I think a lot of us in the first world are continously seeking a balance between our online and offline lives. How much to separate becomes confused the more our devices enable us to integrate just about everything.

      Thanks for reading, as always. I hope to be writing a lot more. For me, it helps soothe a very fractured attention span, quiet all those voices in my head.

  2. Erin Wilson says:

    Take pleasure in whatever form you find it…

    1. Charlene says:

      Yes. It’s funny how this reading thing was always something I had taken for granted. As I was writing this post, it occurred to me how insane it was, that something as simple as reading could be so terribly disrupted…. by nothing!

    2. Erin Wilson says:

      In part, the gypsy life. You don’t have a personal library at your disposal, as you once had. Or the spot on your beside table where the pile of books went.

      New ways to make room for this love. It’s always a wonderful thing to make room in new ways for old loves. :)

    3. Charlene says:

      I think for me Erin, it’s more that I’ve got so many more things simultaneously pulling me away from stopping. They’re things of importance – web work, emails to be replied to, writing to be done. Gypsy living means I rely exclusively on the internet to communicate, since physical proximity on repeat is largely a thing of the past. The biggest thing is also having lost a cave of my very own to go burrow in… there is no way to shut the world out these days!

  3. It’s interesting how hard it has become to read. My mind goes off in 40 directions, I can just about make it through a magazine article but a whole book is a rarity these days. Also, it’s quite awesome to have a picture collection of Coffee and Magic’s mobile HQs throughout the world :)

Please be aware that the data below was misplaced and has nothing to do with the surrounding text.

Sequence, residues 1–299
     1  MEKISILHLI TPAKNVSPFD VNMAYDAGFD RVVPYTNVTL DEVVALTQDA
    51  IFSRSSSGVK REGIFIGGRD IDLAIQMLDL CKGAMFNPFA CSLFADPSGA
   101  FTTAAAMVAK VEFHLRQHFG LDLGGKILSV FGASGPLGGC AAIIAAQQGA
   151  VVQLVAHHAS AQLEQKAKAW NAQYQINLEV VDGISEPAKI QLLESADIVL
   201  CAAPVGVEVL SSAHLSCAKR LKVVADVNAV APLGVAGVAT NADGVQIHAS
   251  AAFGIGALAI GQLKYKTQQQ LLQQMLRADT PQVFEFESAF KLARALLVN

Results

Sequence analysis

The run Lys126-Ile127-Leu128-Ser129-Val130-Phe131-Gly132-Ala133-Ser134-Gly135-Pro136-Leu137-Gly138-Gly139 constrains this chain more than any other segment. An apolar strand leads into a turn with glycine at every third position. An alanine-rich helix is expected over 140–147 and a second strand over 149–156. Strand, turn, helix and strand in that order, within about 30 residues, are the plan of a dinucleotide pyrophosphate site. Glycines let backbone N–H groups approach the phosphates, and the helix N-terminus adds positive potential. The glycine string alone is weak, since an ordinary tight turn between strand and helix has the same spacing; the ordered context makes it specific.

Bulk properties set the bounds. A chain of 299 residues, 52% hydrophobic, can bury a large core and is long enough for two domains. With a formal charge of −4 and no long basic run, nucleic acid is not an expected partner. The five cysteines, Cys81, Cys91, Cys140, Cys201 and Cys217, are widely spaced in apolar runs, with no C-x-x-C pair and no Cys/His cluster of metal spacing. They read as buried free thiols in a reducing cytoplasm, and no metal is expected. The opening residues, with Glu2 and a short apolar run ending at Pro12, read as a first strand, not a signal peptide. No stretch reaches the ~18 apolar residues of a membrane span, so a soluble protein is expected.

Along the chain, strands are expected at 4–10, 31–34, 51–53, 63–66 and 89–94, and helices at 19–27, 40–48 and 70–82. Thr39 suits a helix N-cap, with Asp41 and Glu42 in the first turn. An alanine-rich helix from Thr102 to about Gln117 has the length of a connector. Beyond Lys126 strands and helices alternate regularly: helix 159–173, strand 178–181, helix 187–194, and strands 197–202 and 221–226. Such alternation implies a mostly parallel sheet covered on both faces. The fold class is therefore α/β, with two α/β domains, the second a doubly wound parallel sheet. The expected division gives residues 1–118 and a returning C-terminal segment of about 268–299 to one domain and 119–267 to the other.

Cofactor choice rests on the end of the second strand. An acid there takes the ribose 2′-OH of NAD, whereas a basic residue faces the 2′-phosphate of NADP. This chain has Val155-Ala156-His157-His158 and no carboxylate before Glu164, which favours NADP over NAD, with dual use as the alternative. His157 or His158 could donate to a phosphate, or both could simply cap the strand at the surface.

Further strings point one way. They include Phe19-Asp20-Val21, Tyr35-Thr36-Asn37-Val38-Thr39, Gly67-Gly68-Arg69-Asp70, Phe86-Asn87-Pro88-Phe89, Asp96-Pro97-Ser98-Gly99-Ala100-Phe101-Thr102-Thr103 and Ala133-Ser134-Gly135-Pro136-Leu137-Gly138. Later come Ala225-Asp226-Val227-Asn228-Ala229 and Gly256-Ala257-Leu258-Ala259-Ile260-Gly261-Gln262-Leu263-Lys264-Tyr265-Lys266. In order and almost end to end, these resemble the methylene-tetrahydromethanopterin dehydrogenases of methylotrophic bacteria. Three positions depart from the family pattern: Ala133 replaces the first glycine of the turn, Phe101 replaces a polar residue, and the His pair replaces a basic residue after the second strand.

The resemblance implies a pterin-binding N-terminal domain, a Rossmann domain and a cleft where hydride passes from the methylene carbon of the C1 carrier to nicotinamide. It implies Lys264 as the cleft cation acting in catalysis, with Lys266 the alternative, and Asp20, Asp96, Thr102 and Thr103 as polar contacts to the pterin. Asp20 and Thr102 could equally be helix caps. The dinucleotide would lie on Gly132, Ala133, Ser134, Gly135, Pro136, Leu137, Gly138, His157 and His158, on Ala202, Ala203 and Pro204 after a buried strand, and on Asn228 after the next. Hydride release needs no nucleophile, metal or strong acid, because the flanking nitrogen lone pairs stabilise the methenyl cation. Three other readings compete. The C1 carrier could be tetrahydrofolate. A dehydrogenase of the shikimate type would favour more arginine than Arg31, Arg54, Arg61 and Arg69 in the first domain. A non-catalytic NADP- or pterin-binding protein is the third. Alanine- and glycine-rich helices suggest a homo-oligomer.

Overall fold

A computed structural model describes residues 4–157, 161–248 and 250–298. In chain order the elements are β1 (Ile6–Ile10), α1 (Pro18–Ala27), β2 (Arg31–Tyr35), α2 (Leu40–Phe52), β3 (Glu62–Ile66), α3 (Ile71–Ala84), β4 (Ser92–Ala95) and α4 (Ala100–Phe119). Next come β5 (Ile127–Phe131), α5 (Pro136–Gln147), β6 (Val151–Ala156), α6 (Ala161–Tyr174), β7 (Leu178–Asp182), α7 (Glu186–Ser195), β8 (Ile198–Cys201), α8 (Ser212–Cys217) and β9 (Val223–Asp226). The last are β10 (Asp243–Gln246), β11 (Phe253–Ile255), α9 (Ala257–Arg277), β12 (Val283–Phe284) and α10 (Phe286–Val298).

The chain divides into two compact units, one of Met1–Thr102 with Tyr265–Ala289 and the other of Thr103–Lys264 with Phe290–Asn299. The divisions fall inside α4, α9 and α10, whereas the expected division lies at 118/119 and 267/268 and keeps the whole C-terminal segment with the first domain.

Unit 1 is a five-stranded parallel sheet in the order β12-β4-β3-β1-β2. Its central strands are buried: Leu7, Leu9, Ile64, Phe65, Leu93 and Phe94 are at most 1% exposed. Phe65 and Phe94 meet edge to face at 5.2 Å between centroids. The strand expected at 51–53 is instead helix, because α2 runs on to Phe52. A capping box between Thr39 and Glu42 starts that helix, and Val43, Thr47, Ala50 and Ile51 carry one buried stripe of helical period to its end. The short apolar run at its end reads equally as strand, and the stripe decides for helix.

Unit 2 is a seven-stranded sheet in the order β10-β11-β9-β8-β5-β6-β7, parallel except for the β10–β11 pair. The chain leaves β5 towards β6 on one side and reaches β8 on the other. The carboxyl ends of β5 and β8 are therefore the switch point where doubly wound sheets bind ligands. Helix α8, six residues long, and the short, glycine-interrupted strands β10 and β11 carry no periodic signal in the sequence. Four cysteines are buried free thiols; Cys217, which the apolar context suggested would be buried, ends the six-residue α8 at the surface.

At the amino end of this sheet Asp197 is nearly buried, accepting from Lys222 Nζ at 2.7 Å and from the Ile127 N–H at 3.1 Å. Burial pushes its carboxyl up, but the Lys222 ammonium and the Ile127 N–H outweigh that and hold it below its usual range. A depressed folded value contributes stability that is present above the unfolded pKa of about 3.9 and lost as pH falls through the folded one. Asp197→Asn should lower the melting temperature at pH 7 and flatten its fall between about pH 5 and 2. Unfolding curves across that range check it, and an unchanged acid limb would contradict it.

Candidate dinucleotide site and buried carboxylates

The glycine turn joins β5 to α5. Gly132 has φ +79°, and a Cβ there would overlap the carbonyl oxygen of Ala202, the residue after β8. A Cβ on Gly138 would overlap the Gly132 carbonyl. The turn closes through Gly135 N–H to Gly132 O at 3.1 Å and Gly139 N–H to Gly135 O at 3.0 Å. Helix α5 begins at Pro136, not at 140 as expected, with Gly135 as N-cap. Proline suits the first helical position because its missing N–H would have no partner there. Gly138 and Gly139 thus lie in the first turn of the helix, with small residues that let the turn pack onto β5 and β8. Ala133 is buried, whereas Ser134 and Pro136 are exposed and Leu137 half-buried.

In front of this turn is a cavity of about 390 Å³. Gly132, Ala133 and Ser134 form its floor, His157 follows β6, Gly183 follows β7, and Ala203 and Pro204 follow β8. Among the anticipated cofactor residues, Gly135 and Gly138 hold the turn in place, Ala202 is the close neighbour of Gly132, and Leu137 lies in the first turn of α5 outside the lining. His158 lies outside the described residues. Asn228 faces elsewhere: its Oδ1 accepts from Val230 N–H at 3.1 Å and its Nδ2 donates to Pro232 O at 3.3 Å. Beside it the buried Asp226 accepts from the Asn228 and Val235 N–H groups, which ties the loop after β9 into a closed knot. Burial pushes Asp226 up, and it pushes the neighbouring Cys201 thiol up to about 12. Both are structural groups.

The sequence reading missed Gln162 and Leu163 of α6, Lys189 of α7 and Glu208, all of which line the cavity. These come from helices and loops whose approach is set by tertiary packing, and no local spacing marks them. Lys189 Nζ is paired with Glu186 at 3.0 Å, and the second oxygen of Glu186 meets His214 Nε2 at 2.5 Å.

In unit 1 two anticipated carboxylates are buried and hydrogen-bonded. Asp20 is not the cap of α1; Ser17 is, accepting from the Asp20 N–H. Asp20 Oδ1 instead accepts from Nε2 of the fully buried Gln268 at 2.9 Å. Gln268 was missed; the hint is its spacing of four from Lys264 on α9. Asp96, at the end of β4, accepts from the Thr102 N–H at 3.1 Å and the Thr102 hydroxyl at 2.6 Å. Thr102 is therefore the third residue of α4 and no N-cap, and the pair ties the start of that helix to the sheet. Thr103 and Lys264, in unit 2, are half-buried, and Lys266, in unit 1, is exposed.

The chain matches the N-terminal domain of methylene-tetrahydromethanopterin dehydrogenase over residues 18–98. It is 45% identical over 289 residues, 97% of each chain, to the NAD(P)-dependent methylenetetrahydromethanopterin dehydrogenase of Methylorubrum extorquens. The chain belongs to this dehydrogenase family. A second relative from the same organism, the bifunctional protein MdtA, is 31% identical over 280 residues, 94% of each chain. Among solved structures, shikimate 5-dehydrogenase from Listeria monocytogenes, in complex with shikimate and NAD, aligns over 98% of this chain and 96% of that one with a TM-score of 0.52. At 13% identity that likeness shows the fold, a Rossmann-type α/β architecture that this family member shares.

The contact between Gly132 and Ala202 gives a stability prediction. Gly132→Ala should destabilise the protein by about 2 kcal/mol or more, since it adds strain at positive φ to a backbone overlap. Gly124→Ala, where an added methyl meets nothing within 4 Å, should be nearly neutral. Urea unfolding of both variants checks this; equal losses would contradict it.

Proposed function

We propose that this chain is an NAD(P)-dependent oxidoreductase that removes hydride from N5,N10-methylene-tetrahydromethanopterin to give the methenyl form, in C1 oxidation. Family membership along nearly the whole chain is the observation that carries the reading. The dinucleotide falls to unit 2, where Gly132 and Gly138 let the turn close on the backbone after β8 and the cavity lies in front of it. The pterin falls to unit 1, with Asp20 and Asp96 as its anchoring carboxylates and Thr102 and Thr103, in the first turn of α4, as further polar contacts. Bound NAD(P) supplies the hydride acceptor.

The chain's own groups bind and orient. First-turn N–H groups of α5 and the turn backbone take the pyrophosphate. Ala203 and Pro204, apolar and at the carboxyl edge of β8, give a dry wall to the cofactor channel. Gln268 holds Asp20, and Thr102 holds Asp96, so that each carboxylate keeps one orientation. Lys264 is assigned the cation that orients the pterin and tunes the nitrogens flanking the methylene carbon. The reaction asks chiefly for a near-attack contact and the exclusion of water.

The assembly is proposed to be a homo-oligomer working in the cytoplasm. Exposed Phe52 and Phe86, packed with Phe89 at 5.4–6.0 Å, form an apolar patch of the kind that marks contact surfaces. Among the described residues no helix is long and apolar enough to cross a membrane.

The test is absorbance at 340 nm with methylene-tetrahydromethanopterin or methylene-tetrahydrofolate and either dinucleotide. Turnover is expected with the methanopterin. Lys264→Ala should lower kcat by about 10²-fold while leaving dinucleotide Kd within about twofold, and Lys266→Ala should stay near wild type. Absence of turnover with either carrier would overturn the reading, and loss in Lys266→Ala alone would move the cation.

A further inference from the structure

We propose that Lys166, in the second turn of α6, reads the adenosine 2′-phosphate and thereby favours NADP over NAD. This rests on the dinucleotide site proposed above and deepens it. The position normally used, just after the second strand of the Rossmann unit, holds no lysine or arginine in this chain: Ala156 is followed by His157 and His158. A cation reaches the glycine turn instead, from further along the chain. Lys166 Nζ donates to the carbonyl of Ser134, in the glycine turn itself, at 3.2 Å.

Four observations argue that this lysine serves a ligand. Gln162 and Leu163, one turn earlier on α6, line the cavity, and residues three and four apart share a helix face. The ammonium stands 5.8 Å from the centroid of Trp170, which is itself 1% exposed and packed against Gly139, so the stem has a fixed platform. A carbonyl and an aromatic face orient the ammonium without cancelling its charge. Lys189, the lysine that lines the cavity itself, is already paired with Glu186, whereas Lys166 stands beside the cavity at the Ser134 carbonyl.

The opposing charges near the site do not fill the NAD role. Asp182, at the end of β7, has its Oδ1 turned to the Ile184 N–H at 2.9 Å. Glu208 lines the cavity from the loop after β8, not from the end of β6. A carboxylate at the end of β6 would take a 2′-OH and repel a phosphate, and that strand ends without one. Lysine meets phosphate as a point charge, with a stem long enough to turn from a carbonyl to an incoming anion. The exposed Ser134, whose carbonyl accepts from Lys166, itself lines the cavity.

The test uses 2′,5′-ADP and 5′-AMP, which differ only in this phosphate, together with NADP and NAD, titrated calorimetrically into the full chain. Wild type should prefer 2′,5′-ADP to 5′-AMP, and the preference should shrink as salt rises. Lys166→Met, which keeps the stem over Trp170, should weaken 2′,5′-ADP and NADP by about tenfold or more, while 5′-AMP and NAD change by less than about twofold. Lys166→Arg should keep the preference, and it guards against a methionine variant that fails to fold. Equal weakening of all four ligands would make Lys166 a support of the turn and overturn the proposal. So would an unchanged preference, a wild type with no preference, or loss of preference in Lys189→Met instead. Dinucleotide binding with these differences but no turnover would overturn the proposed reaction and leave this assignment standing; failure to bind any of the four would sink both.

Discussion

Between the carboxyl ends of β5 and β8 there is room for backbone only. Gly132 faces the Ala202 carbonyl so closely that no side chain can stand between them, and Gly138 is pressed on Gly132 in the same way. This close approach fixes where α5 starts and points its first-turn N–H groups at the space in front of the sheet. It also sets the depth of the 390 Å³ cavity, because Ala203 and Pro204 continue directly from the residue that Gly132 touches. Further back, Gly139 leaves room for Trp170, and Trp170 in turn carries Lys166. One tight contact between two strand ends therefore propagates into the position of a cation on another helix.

1. charlene says:

      Tell me about it. This has to change. I want to go back to being gripped by a book the way I was when I was a kid.

      And yes must remember to keep adding to the collection!

  4. Håkan says:

    It’s good to hear that the internet can disappear so quickly for you – no laptop in sight and the pull of the internet is gone! For me, it’s like a phantom pain that goes on for a couple of days. Recently, I was in Berlin on vacation and decided to take a vacation from most of the stuff I read online as well. After some time, it was a relief. I still don’t want to dive as fully into the net as I used to, it’s more like having my hand on the faucet, tightening it to a slow trickle.

    If you want to see some of the photographs I made in Berlin (shameless plug), go here: http://www.fotosidan.se/blogs/vandrandeskuggor/nagra-bilder-fran-berlin.htm Click the images to make them larger.

    1. Charlene says:

      I know the feeling exactly! I too need to tighten that faucet and slow the flood down to a trickle – it allows my brain to process, in general, so much better.

      I loved your Berlin pics, and it’s nice to finally have some work to connect you to as well. Do you post anything elsewhere?

  5. Håkan says:

    Not much. I’m mostly interested in photographing faces, and since I’m not brave enough to be a street photographer I take the best photographs of people around me, and I’m not sure if I should paste their faces all over the internet. Yesterday I was at the opening of an art exhibition – lots of expressive faces in the art crowd! A shameless photographer would have walked away with some fantastic shots. :)

    There are some more images if you search through the blog I linked to. I should post some more.

  6. Håkan says:

    people around me = people I know